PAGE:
Week 49

22nd November, 2009

Do you remember the chimney sweep coming to the fireplace in the Dining Room of 81 High Street? I can’t work out how many of you are old enough for that. It was the first time I learnt the word BRUNCH. It must have been 1956-57. Being sent to bed about 7.30 pm (at the age of 5 or 6) and told that tomorrow we would not be allowed downstairs until the chimney sweep had come and gone. Mum always got het up about the Plan of Campaign she had to put into operation. When we were finally allowed downstairs for BRUNCH it was hard to see what all the fuss was about. One fireplace; one chimney; a few dust sheets; job done. But Mum was certainly red in the face and noughty throughout the whole process.


23rd November, 2009

This morning we had a Plan of Campaign. We had already emptied the loft of literally dozens of boxes containing warranties dating back to 1994 and tens of rolls of carpet off-cuts in the most lurid colours and patterns imaginable. At 7.00 am there was no breakfast, no huge cup of tea or bowl of porridge. All the hall, stairs, landing had to be covered in dust sheets – not for the chimney sweep but for the loft insullation man. Our house was built in 1990 and the loft was insullated to an industry-standard 4″. Currently the industry-standard is 12″. Kirklees Council sent a little man round with twelve huge rolls of Rockwool.


It took him three hours of hard labour. Our loft is boarded but I never go up there so he just laid it over the boards. Throughout the time he was here, neither Pauline or I got red in the face or worked up. The whole thing, after all, was done completely free of charge. Seems strange really that such money should be lavished on a middle class household who could easily afford to pay for it but who are we to look a gift horse in the mouth.

Pauline is loving having the time to indulge her real passion (no, not me!), cooking. She has always made our bread and pasta but she has cured our olives to perfection and the quince jam she made is delicious.  Now she is making minced meat, Christmas Pudding and Christmas Cake. It is a few years since she bothered or had the time to do that. We don’t even celebrate Christmas other than nominally. We do have a Turkey or a Goose. A couple of years ago we had a trendy five bird roast with turkey, goose, pheasant, partridge & pigeon but that was just greedy. We are very keen on game birds nowadays. We usually go to our local farmshop and buy pheasant, mallard, partridge, etc. They are so cheap and low in fat and wonderfully tasty. A brace of pheasants up here cost £5.00 and a couple of partridge would be £6.00. We buy rabbits for £2.00 and they almost give wood pigeons away. Game Pie or Game Pate is wonderful or maybe pheasant breast wrapped with Parma ham.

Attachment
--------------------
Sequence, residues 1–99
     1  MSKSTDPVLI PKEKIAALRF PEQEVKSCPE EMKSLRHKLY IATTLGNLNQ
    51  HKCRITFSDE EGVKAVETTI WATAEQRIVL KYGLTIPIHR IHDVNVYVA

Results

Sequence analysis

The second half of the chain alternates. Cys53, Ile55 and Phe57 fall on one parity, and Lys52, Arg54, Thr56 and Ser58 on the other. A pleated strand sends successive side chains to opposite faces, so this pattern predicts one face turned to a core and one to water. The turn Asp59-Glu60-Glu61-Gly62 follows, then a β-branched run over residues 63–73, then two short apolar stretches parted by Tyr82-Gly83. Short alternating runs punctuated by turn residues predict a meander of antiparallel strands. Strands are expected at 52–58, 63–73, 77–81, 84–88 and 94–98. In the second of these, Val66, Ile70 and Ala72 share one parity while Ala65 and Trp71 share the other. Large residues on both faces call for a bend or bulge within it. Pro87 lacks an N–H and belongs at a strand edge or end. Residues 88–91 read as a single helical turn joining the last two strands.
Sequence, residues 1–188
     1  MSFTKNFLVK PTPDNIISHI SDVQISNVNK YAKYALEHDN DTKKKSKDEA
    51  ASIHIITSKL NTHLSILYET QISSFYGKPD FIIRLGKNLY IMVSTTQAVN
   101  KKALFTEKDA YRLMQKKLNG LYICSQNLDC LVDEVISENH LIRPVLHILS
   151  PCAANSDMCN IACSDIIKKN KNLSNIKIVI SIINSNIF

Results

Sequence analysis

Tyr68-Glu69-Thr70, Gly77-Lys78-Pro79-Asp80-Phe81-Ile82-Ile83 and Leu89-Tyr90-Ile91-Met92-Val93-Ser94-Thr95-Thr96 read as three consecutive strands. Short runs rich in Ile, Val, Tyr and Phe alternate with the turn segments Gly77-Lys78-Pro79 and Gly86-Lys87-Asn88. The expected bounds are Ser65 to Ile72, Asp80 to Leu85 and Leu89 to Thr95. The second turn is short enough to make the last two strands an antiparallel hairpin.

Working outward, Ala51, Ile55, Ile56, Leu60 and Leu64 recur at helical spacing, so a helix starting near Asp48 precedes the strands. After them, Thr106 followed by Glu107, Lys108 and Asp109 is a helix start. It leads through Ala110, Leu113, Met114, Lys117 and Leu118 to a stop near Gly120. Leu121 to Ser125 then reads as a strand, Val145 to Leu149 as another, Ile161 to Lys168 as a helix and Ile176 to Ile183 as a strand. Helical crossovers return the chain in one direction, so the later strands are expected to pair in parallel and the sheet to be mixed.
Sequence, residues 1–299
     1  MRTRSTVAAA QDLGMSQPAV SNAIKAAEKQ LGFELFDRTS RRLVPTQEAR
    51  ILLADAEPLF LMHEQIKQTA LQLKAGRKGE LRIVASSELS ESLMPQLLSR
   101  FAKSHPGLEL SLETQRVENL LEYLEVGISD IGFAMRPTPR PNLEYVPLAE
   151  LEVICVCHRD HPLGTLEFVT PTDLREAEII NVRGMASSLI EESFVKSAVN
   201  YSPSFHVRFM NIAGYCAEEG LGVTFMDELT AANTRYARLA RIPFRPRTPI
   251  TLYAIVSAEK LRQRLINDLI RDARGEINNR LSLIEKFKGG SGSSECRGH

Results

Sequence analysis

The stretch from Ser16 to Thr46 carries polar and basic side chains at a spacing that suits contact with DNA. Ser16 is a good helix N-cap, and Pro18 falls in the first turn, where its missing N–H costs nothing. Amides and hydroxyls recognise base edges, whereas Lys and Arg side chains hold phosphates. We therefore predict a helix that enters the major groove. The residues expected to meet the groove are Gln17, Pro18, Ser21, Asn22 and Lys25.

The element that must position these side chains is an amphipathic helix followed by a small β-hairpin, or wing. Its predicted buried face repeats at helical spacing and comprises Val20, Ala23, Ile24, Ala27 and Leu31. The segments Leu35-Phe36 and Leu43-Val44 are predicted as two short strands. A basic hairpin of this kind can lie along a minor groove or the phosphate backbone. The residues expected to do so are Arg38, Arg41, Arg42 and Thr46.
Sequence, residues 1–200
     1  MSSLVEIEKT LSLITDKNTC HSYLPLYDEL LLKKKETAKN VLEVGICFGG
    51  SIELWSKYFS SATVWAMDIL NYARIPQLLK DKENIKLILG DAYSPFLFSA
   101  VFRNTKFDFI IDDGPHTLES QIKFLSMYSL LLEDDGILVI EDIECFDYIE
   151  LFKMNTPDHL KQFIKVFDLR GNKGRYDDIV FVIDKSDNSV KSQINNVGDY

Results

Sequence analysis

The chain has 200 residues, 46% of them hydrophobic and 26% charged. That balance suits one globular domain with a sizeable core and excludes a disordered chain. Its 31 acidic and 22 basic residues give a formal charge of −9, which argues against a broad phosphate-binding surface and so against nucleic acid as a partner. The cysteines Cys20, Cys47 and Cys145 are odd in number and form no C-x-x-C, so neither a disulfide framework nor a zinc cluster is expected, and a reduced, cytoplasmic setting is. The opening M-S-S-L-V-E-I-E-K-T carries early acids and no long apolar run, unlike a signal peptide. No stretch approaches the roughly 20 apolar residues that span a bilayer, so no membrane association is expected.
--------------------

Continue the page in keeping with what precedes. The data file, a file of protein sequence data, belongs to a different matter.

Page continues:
Pheasant breasts wrapped in Parma ham

Serves 6


6 pheasant breasts
12 slices of Parma ham
12 large sage leaves
Salt and pepper
Olive oil


  • Preheat the oven to 200C/400F/Gas 6.
  • Season each breast and place two sage leaves on each one. Lie two slices of Parma ham out flat and place a pheasant breast at one end. Roll the pheasant breast up quite tightly. Repeat with each breast.
  • Melt a little butter with some olive oil in a large frying pan and sear the pheasant parcels on each side for 1 minute or so. Then place in the oven for 10-12 minutes. Allow to rest for 2-4 minutes before serving.


Served with garlic mash and red wine jus you can’t beat it. I’m starving!

24th November, 2009

After two hours at the Health Club this morning, we went off to Hinchcliffe’s Farm shop for meat. It’s only a couple of miles away from us and wonderfully stocked. We came away with groaning bags:

  • 6 Pheasant
  • 4 Woodcock
  • 2 huge belly pork
  • 2K of best minced beef
  • 4 Lamb Shanks
  • 8 Lamb chops
  • 8 Chicken Livers (for pate)

Should see us through to the weekend! I’ll have to save some and invite Jane BG around. Hinchcliffe’s Farm Shop is renowned round here and well worth the visit as you can see below. They are very happy butchers.


25th November, 2009